A census that was conducted in March last year found that the population of the Rucervus Eldii (Golden Deer) at the Shwesettaw Wildlife Sanctuary has increased twice within a decade, according to the administration office of the sanctuary.
“The golden deer is a rare species of deer found in Myanmar, mostly in the Shwesettaw and Chatthin wildlife sanctuaries. We tally the number of golden deer in the final week of March annually. According to the latest figures collected in March last year, there are 1456 animals, give or take 224 animals. In 2008, more than 800 deer were found in the sanctuary,” said U Ohn Lwin, administrator of the Shwesettaw Wildlife Sanctuary.
Forester Win Naing explained about the process of collecting the data of deer in the sanctuary, which was conducted in 10 days with 22 people.
“We conducted the census at about 6 am in the morning. We worked along a straight line on an east to west axis in the sanctuary; we broke up into four teams, each team traveling two hours a day. We recorded how many deer we saw and at what degree of the line we set. We classified males, females and fawns on our list. If we could not verify the gender, we noted them as an unidentified deer,” he said.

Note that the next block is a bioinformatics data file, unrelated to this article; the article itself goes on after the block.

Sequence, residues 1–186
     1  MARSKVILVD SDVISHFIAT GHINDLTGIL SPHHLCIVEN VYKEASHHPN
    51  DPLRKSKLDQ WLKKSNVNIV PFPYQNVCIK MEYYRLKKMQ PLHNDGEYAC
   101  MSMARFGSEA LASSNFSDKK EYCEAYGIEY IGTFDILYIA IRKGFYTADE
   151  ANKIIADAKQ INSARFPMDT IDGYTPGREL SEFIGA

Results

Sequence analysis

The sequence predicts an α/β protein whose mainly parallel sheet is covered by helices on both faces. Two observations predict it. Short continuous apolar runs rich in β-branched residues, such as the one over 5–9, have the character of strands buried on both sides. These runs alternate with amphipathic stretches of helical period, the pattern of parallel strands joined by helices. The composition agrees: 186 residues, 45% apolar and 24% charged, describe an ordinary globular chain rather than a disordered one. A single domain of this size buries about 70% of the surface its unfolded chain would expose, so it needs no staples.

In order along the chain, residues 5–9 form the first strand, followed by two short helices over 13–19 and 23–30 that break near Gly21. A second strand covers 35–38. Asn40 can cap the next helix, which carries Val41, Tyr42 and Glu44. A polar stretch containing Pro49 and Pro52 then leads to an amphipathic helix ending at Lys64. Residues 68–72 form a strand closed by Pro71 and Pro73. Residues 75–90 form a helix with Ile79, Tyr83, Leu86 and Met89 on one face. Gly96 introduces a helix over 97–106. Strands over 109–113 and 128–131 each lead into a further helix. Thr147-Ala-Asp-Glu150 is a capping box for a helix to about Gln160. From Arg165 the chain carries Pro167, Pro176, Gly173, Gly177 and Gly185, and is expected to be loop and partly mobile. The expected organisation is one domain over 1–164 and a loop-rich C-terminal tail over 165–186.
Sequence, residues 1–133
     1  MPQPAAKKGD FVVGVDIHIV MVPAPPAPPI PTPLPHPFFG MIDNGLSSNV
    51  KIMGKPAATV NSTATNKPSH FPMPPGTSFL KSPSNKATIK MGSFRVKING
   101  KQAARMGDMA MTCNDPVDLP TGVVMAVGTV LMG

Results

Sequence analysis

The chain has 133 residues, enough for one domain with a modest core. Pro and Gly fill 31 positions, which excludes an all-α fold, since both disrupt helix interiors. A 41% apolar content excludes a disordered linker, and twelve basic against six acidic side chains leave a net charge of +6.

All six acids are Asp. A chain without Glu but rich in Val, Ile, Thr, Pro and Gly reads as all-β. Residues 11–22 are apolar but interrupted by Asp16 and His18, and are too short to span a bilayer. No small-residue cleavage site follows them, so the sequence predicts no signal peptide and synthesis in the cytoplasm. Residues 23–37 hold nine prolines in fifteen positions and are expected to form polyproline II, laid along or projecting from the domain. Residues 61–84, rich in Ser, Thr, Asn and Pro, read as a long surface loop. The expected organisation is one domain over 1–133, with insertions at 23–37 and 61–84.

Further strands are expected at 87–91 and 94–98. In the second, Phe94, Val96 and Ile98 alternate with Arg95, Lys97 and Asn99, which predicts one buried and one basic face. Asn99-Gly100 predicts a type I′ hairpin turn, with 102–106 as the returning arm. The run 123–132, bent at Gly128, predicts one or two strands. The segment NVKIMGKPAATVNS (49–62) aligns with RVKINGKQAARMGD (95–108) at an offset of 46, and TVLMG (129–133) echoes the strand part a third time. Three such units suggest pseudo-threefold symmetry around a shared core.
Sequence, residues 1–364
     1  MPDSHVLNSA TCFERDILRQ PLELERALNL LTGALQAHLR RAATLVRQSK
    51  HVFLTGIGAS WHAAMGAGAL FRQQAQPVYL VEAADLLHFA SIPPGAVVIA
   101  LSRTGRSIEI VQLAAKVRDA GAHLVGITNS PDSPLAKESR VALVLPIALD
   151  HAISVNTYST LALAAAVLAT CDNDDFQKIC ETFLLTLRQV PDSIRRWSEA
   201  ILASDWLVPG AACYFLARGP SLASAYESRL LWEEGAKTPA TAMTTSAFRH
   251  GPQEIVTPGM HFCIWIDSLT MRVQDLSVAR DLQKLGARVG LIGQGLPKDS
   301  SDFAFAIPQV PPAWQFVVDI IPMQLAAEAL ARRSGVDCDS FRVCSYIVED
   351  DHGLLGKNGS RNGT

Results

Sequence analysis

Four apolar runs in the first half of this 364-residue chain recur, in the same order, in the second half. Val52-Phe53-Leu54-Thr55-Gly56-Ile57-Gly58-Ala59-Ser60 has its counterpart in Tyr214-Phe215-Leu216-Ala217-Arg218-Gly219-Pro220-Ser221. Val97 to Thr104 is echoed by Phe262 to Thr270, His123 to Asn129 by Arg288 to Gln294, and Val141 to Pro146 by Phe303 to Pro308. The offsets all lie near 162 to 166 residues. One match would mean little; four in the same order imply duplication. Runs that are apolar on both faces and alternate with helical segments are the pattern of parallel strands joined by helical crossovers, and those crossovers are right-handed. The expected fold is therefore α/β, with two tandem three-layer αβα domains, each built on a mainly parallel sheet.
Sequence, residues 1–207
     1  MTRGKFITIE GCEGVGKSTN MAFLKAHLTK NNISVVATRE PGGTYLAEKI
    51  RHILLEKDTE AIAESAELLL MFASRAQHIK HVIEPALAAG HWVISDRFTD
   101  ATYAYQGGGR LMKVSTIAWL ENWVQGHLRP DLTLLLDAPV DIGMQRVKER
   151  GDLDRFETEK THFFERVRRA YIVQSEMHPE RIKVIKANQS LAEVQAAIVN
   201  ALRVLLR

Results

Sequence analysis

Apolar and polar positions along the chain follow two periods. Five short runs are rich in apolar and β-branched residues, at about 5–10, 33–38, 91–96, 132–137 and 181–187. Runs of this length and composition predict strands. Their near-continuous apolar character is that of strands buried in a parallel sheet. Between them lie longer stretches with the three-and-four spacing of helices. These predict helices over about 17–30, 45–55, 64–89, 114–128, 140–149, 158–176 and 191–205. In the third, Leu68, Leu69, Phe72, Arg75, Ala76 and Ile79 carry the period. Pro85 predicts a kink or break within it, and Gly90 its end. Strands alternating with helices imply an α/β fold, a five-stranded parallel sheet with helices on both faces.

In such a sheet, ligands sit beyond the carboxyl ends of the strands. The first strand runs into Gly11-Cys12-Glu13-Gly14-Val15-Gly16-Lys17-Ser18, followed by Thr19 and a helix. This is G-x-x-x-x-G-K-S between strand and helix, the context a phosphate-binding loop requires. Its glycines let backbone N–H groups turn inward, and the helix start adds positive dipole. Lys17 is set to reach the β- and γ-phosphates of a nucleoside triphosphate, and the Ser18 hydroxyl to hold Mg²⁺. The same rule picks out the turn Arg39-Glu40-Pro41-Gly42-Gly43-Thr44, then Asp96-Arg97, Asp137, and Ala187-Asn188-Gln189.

While we were conducting the census, we discovered snares. The staff removed them. There were three cases that relevant authorities took necessary action against animal poachers. Since educational programs were conducted at villages near the sanctuary, deer hunting has decreased now, according to the census team.
Myanmar Digital News